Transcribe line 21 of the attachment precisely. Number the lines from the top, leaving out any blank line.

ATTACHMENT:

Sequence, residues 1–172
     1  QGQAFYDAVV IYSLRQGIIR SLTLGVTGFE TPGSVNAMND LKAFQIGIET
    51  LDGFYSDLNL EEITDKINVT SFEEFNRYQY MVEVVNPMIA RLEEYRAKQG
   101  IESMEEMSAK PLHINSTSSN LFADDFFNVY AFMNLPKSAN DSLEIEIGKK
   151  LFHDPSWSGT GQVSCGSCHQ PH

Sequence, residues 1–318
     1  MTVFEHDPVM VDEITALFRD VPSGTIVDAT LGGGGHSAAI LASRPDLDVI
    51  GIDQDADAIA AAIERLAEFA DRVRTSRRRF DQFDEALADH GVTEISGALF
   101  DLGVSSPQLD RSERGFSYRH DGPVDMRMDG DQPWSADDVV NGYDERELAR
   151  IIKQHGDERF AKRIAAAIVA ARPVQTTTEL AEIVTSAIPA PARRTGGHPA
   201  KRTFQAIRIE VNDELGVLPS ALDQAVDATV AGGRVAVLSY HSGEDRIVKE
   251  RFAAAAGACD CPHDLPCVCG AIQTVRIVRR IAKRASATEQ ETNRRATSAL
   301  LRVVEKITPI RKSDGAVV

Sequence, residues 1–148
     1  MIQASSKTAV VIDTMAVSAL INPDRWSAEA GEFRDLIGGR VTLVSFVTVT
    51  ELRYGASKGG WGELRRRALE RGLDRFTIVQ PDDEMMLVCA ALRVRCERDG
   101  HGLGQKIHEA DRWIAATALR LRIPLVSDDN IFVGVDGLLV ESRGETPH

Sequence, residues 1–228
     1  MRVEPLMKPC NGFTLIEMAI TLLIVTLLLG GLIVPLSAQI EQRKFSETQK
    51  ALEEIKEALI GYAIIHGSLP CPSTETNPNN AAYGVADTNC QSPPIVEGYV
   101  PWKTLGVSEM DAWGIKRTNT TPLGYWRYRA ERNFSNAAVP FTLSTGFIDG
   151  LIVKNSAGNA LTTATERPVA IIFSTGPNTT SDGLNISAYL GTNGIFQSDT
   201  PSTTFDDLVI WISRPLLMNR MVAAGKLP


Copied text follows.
   101  PWKTLGVSEM DAWGIKRTNT TPLGYWRYRA ERNFSNAAVP FTLSTGFIDG